Could in-car dashcams become the new eyes of the law?
Drivers who have dashcams fitted to their cars and vans which could help police catch road users who openly flout laws should be entitled to a reward equal to a set percentage of any fine levied.
That’s the opinion of Flexed.co.uk who say it’s a plan that’s not restricted to dashcams – pedestrians and passengers should be able to submit mobile phone footage to help police crack down on dangerous driving.
“It’s an idea for which the time has come,” says Flexed.co.uk spokesperson Mark Hall, “Budget cuts mean the police are stretched far enough as it is, so allowing citizens to submit footage in return for a reward on prosecution will help improve road safety.”
At present, citizen evidence can’t generally be used for motoring prosecutions. Police-backed community groups are able to make use of speed guns to improve local road safety, but those drivers who are caught over the speed limit are merely sent a strongly-worded letter rather than a fine.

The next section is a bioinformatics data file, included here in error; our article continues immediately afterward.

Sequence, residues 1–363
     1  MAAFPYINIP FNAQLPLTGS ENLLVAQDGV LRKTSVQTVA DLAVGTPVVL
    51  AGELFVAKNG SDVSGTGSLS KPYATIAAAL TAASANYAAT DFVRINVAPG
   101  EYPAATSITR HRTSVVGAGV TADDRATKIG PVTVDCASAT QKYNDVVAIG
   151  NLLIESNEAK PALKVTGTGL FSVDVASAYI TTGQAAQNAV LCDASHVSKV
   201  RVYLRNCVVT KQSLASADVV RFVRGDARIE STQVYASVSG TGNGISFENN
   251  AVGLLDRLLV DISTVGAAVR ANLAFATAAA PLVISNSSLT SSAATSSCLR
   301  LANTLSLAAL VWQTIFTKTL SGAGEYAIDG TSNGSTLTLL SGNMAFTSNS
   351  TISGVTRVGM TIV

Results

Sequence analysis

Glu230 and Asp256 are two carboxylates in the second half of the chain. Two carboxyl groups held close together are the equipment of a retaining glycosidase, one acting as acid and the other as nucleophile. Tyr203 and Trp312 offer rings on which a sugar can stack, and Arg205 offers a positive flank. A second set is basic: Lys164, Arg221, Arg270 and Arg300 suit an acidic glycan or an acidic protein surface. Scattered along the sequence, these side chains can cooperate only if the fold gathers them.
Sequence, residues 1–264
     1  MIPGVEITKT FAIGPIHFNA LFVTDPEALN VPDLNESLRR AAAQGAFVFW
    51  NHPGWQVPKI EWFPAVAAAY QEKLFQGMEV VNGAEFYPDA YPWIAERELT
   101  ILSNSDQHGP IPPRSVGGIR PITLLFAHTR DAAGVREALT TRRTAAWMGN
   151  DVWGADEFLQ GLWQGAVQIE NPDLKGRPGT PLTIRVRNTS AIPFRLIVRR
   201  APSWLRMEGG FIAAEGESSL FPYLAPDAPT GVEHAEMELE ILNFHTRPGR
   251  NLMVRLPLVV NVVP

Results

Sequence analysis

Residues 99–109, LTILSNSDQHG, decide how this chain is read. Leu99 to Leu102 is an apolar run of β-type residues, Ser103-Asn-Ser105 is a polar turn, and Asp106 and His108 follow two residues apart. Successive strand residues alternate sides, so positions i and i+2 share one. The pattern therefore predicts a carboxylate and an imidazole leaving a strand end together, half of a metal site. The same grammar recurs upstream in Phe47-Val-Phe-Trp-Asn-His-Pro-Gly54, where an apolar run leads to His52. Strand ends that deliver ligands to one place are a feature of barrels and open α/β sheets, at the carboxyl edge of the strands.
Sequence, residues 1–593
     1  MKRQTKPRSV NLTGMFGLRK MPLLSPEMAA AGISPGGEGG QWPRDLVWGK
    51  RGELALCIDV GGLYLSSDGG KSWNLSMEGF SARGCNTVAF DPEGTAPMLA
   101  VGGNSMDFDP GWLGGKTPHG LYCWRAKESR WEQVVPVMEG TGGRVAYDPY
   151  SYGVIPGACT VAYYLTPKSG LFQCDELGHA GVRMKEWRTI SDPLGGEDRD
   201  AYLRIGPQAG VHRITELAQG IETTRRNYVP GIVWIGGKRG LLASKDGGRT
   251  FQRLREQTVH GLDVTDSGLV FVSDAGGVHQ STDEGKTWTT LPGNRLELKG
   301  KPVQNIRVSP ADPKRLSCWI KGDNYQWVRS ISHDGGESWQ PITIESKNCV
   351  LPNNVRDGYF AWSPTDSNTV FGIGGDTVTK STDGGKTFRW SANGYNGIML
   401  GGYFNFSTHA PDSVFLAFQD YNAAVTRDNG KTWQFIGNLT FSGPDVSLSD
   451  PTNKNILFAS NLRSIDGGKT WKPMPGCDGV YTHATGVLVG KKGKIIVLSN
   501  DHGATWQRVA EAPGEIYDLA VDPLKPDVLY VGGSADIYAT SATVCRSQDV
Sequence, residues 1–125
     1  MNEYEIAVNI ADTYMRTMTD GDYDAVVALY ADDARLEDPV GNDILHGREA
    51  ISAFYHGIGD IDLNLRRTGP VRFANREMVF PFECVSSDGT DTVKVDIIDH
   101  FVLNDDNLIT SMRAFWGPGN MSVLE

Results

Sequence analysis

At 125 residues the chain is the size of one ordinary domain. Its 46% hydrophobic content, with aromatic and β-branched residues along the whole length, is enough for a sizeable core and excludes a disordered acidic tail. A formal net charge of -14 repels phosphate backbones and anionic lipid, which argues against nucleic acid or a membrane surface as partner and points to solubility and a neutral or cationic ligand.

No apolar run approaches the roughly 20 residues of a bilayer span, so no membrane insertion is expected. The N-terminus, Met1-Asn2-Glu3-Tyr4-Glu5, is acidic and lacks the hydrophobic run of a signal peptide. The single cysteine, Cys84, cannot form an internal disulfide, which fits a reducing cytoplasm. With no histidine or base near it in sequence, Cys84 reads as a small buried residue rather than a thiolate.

“This plan needs a shift in thinking among lawmakers and police,” says Hall, “and mobile or dashcam footage that catches the driver and the number plate should be considered as acceptable evidence, if not for prosecution, then for a police warning at the very least.”
Expert opinion is also on the side of legalising evidence from citizen sources. Jonathan Ratcliffe Managing Director of CCTV.co.uk said: “Closed-circuit camera systems have long been accepted as sources of evidence as long as the footage is time-stamped and dated.”
But isn’t this just another example of agenda-led fact meeting Orwellian fiction? Incentivising these things only encourages us to spy on and report our neighbours and citizens for personal gain which in turn breeds a culture of mistrust, pushing us further away from a neighbourly and friendly community into a bunch of lonely tell-tales.